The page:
Broadening the view on information frictions has implications for monetary policy
The literature recently focused on the comparison between firms and households. We observe that there is a greater difference between firms and households on the one hand and policymakers and professional forecasters on the other hand, than between firms and households themselves.
This result has some implications for central bank communication policies. It may inform central banks about the public they should target to improve their communication strategy in order to cope with information frictions. Because the information released by the central bank may not reach all categories of agents, and all agents within each category in the same manner, targeted communication towards each category and towards specific groups of agents (presenting the same characteristics) might represent a useful tool (such as the speech by Isabel Schnabel, Member of the Executive Board of the ECB, to graduates of the Panthéon-Sorbonne University in Paris last June, or the interview of François Villeroy de Galhau, Governor of Banque de France, by Cyrus North, YouTube influencer, in June 2021).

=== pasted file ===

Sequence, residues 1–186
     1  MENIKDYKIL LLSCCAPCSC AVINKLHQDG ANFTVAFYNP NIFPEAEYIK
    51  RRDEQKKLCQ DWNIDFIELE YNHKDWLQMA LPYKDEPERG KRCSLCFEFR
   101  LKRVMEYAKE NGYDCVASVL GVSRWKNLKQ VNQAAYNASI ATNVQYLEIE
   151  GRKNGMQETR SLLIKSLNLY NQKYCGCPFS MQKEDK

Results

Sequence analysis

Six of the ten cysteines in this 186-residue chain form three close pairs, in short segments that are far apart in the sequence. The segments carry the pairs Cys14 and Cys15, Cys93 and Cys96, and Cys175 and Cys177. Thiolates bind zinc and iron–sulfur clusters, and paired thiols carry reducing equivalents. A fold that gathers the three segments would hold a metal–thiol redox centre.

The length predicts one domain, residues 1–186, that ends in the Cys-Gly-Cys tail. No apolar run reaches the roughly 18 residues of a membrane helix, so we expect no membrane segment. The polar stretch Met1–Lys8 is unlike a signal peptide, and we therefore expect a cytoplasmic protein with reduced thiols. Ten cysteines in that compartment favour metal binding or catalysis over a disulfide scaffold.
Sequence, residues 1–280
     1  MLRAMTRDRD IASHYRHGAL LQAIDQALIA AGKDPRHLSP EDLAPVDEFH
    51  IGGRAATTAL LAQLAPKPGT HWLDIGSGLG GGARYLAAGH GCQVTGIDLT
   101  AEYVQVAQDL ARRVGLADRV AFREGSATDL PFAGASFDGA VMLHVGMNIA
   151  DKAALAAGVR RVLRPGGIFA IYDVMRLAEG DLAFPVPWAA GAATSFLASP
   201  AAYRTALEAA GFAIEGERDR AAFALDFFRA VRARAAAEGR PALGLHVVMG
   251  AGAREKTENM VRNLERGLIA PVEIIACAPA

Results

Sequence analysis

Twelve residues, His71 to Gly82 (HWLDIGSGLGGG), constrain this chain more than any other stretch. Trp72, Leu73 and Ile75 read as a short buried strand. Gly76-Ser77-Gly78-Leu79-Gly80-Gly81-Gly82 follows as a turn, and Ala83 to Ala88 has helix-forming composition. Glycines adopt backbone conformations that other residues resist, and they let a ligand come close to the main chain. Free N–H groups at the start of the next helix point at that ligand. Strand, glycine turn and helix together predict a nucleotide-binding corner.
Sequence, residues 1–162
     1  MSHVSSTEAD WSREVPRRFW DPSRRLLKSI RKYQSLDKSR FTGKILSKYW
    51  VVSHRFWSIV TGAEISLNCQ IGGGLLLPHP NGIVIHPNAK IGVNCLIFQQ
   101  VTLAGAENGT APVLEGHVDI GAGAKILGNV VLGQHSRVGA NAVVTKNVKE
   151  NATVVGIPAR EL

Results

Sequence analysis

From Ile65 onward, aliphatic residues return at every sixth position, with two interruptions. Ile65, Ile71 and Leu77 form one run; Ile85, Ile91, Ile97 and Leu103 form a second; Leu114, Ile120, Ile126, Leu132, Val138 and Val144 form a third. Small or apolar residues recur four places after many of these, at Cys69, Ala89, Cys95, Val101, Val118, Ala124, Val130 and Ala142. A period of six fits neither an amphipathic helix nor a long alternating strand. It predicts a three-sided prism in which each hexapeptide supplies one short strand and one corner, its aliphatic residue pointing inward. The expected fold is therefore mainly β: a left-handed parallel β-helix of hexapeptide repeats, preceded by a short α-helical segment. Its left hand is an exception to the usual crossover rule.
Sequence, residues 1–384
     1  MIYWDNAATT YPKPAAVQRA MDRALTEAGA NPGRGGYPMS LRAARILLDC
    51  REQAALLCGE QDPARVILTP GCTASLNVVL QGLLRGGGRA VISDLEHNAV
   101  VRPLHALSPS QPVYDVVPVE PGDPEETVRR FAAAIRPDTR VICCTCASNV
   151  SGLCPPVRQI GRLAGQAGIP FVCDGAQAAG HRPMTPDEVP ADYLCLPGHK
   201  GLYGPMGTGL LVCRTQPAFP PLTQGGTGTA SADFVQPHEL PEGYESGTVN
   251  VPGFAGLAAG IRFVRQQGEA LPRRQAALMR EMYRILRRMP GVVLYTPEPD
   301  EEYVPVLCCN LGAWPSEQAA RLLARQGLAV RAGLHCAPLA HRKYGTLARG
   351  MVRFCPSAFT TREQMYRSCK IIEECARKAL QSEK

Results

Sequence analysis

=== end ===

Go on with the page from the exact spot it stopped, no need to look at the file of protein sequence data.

This work may also shed light on the quantitative relevance of two theories of information frictions: the noisy information model (one buys the newspaper every day but reads only part of it) and the sticky information model (one buys the newspaper infrequently but reads all of it when he/she buys it). These two theories have different implications for the transmission of monetary policy to the economy. Based on Cornand and Hubert, 2022 results, the sticky information model seems rejected, while the empirical evidence is compatible with the noisy information model. In addition, the heterogeneity in information frictions has to be accounted for in macroeconomic models, as different categories of agents may respond to shocks, be it monetary policy or fiscal policy, in a different manner. It also appears important to account for heterogeneity within categories of agents in macroeconomic models, especially for households.